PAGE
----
Surviving the World of Harvey Weinsteins
As the plethora of women continue to come out on the disturbing and demeaning behaviors of Harvey Weinstein, it is important to note that Harvey Wenstein is not only in Hollywood, but everywhere you turn.
Sexual harassment, sexual assault, sexual misconduct, and rape are all real and no industry is safe from it. To say that it is just par for the course or that is how business is run is totally inexcusable. Some industries more than others turn a blind eye to it, but one positive thing we can take from the Harvey Weinstein scandal is that women are finally given a voice to speak up and having the courage to say, "yes, this happened to me" and are able to take the steps towards emotional recovery. This is not to say that women have not tried to speak up in the past. The problem is, that until a high profile monster such as Weinstein made the media outlets, women were very often ignored or were shamed to believe they allowed the attack and are to blame, hence victim blaming.
As I read the overwhelming accounts of Weinstein's actions and abuse of power, it brings back many unwanted memories of my own experiences in the past. Sexual harassment was a common practice in many industries I have worked in, most notably the casino industry while I was a dealer. Back in my early twenties, this was something that I had to face each night at work. The "suits" which we called the male supervisors back in the day, looked at the new recruits each summer to see who they would prey on next. Given that I was only 20-years-old at the time, I did not have the experience or knowledge to know how to deal with these predators. My work experience was a constant barrage of unwanted sexual advances, sexual comments, and uncomfortable physical touches that included massages while I was dealing, unwanted kisses, and slaps to my backside. This was considered the norm and very often these situations happened by players who were considered "high-rollers" who by definition were gamblers that bet large sums of money. When I complained about the unwanted advances and touches from players, I was told to let it be and take it as a compliment. Looking back, I feel frustrated at my younger self for not knowing better and taking a stand that none of those behaviors were acceptable. Even women would tell me back then that I should be flattered and only worry if the men would stop giving me attention.
Fast forward to over two decades later, I know that I would never allow anyone to put me in an uncomfortable situation again. Many times human resources departments are worthless to help. During my time as an account executive for Calvin Klein, the vice-president of my department always made disgusting sexual comments to me and ask extremely uncomfortable and inappropriate questions to me when we were alone. When I reported this to my immediate supervisor, she said it was no big deal and if it bothered me to just keep a running record of it to report later on. This made me feel that my emotional well-being was insignificant and within a year I resigned from my position.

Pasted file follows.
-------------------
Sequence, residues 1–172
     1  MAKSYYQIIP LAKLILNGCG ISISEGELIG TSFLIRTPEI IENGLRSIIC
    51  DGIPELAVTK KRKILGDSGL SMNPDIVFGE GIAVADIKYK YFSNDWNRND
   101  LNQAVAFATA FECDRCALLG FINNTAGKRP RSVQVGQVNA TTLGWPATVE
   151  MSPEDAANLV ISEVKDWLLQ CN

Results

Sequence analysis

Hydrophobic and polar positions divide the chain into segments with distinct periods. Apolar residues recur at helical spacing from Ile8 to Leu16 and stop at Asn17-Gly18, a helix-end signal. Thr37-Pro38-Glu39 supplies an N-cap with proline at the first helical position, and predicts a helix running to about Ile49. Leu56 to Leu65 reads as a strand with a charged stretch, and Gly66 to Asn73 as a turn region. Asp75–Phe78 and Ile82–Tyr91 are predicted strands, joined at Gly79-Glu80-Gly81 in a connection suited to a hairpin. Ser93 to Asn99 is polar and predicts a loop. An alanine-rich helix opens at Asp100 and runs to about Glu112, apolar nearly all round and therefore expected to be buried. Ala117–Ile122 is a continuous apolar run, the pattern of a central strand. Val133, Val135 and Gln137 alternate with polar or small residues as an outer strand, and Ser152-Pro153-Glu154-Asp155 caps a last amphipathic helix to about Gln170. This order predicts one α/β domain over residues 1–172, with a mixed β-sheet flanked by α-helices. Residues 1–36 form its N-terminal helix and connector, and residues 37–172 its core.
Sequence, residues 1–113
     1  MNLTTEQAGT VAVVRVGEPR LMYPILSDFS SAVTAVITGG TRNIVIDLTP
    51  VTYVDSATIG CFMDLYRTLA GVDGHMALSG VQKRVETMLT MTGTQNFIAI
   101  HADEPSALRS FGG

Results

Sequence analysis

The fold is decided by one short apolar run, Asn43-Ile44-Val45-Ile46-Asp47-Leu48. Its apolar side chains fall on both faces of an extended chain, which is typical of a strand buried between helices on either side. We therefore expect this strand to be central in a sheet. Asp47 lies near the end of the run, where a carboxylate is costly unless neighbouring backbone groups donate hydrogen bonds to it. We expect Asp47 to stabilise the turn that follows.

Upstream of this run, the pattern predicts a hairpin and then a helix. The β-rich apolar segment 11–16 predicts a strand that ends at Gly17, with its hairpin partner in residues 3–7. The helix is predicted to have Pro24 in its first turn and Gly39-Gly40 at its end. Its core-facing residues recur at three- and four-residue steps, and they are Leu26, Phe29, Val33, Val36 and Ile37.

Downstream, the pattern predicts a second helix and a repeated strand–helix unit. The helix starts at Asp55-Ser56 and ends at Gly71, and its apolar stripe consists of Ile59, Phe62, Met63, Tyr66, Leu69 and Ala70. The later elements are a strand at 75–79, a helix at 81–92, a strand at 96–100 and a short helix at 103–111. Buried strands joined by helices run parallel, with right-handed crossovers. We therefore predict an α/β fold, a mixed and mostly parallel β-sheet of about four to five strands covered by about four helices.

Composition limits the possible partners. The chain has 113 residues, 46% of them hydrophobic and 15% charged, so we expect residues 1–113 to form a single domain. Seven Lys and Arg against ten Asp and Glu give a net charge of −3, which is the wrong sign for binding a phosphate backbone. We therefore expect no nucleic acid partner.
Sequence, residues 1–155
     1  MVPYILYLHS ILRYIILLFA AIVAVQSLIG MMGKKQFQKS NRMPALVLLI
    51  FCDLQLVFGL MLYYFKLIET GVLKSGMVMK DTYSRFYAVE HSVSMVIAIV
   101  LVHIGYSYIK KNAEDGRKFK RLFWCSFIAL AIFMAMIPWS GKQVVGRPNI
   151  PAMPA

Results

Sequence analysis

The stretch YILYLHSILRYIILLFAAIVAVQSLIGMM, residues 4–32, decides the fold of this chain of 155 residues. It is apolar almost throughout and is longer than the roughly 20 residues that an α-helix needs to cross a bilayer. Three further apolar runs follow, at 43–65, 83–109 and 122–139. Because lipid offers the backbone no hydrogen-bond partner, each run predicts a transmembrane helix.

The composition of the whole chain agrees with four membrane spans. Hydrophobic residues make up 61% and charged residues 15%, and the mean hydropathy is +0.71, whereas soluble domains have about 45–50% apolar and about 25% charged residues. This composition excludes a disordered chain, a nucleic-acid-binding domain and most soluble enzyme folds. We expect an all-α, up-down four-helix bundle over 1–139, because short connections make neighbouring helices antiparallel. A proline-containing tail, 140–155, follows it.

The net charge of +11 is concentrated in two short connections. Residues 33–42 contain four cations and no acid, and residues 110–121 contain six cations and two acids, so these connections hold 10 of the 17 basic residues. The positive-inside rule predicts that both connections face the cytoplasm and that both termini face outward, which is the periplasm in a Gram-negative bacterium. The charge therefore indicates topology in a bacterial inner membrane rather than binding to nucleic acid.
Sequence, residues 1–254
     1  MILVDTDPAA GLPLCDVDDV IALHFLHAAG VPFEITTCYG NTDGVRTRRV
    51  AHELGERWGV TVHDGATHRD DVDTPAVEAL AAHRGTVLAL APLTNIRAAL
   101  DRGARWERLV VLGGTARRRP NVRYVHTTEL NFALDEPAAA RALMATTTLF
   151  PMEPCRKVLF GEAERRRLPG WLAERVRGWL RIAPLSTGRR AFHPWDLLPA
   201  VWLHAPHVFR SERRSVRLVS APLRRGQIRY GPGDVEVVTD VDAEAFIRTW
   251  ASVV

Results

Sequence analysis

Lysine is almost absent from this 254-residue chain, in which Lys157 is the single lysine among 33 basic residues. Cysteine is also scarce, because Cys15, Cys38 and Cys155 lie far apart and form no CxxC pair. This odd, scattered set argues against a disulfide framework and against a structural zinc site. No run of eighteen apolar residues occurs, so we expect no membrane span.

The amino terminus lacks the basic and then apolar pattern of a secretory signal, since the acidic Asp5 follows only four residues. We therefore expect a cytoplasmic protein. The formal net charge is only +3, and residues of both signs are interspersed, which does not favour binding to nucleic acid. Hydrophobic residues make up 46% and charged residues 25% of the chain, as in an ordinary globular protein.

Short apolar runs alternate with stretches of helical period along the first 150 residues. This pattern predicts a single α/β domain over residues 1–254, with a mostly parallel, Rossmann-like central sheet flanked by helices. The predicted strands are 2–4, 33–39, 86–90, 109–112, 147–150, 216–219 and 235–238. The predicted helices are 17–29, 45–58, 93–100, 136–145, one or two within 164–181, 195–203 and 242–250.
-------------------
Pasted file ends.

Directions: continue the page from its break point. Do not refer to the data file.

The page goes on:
When someone whether male or female makes a comment or puts you in a situation that makes you feel uncomfortable, it is not okay! We as a society need to teach others that no one, no matter what title they have is allowed to treat us in such a way. The Harvey Weinsteins of the world are all about control and manipulation. They live life in their own fears and use these tactics to make themselves feel powerful. Rape is not about the sex, but rather about control! The conversation has been brought to light and we must move forward to shed more light to it and take the power away from these sexual predators.
No matter what stage in life, we can learn self-worth. We must learn to value ourselves, let go of self-limiting beliefs, and fear to achieve success. No one has to sleep their way to the top. And those who in in the power to say otherwise, must be exposed and have their authority taken away. We have already seen the movement happening to high power officials, producers, politicians, etc., but what about those in industries that are not considered media worthy?
Women and men need to develop their own safe communities where they are comfortable to speak out and gain support from others. Sad to say, many times, women are the ones attacking each other. This mindset needs to change and change now! Through the study and practice of Emotional Intelligence, we can provide a safe zone of individuals who are positive, supportive, and help each other gain the power within themselves to stand up for what is right.
Being a victim does not define us, instead we must learn to take each experience good and bad and learn from it. I hold no anger to my past experiences. I look to move forward each day and do my part to make this world a better place. And for all those who have been strong enough to go public and take a stand, THANK YOU! May we find compassion and empathy and learn from your experiences as well. No matter what industry you work in, this is the time to feel empowered and put and end to this deplorable behavior.